Peacock was famous not just for his publications, but also for his ability to accommodate to the new technology available in the period. He noted a characteristic radiation of the murmur of pulmonary stenosis using the new tool, the stethoscope, to correlate physical findings with anatomy in congenitally malformed hearts. He thus became a pioneer in the use of this device for heart, others of the era being more interested in lungs. Peacock was also interested in etiology. He was first to observe that "malformations are certainly most common in males, though why it should be so seems incapable of explanation." He also observed the familial nature of cardiac defects, presaged a long period of analysis of genetic and familial aspects of heart malformations, a process that continues using vastly more sophisticated tools to the present day.

(Ref: Peacock TB. On malformations of the human heart. London: John Churchill, 1858.

Peacock TB. On some of the causes and effects of valvular disease of the heart [together with] On the prognosis in cases of valvular disease of the heart. London: John Churchill, 1865. Reprinted in: Fye WB, ed. Birmingham, AL: The Classics of Cardiology Library, 1990

Rokitansky : Defects of the Cardiac Septa. Vienna, 1875)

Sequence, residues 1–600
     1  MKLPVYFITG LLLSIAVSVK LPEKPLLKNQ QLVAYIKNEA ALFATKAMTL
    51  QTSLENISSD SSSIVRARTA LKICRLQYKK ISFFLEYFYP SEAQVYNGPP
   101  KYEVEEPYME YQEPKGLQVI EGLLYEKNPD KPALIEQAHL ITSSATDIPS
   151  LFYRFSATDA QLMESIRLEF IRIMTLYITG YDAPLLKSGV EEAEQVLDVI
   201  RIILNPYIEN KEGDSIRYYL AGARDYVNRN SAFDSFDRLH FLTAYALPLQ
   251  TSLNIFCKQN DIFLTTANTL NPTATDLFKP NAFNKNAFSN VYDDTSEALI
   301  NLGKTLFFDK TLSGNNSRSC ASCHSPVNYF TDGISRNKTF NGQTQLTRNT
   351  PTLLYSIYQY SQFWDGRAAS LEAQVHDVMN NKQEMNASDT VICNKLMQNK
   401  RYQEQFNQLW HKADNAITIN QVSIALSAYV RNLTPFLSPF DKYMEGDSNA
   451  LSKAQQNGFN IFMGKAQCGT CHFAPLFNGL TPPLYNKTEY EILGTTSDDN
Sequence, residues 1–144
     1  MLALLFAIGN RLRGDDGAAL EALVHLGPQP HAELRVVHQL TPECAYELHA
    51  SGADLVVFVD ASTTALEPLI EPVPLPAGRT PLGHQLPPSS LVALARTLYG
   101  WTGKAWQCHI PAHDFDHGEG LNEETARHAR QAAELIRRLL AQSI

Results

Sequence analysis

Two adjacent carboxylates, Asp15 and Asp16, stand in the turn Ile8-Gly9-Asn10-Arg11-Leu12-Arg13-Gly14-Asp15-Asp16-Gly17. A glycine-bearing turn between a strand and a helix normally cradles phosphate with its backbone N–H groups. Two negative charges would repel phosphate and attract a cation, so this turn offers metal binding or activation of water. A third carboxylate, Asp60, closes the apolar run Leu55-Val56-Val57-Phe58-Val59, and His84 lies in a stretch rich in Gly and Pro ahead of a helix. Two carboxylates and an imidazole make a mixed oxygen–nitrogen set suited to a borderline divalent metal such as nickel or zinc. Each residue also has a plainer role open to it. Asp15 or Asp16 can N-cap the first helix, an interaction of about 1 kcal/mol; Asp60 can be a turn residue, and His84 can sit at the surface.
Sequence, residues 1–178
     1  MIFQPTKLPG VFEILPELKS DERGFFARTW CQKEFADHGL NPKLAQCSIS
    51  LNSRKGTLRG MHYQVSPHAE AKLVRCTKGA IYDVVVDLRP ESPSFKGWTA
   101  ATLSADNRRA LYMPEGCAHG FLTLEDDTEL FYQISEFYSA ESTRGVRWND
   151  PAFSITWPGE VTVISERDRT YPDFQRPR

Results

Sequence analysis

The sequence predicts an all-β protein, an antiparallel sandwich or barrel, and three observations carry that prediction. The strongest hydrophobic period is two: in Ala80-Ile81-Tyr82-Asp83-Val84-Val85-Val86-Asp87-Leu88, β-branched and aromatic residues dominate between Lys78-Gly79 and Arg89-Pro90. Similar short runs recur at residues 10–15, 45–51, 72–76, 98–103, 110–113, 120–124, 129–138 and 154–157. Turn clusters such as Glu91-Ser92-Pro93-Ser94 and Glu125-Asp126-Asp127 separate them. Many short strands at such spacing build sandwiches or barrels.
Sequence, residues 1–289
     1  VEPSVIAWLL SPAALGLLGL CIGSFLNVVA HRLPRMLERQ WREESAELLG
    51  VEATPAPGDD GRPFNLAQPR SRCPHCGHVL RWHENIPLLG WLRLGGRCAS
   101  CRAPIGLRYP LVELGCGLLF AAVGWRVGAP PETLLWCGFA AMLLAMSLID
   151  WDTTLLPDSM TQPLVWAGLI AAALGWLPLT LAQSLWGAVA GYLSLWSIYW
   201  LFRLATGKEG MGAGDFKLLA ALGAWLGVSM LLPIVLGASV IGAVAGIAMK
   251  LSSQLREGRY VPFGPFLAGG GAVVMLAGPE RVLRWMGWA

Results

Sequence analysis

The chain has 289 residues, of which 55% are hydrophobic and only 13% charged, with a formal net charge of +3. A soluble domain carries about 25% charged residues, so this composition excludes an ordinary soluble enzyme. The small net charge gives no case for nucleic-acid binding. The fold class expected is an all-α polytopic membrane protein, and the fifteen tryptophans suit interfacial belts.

Next time, we shall see the further development of 19th century.

On a personal note, the week saw an acutely short staffed and over-stressed Surgical staff. It is not easy for a person to do/assist 5 cases a day. I hope they will draw their strength from the work itself!

How partial can be an AV canal defect? We have seen an isolated primum defect. How about an intact interatrial septum with common AV valve with inlet VSD? We had a tough time differentiating this with a Tricuspid atresia, as the MRV was hypoplastic. Great vessels were normally related. The management may not change, but the diagnosis is obviously, a matter to dwell upon.

I was discussing the differentials of AortoPulmonary windows and explained the need for looking at both semilunar valves as a differentiating factor from Truncus. What I saw in a child was much intriguing. There were 2 semilunar valves with large communication between Aorta and MPA. The MPA continued towards LPA and stopped there. No distal LPA! RPA took separate origin from the Aorta, just above the Aorto-pulmonary communication. Technically, it was an Aortopulmonary window with Hemitruncus! I had not seen this combination and my previous publication of 50 cases of Aortopulmonay window also did not feature this entity. I think I should bring it to the notice of Dr Robert Anderson.

Please put in your inputs. If you happen to see anything that is similar what I discuss every time, feel free to comment or email me.



1 comment:

  1. Nice to learn about two interesting cases.
    Keep it up sir.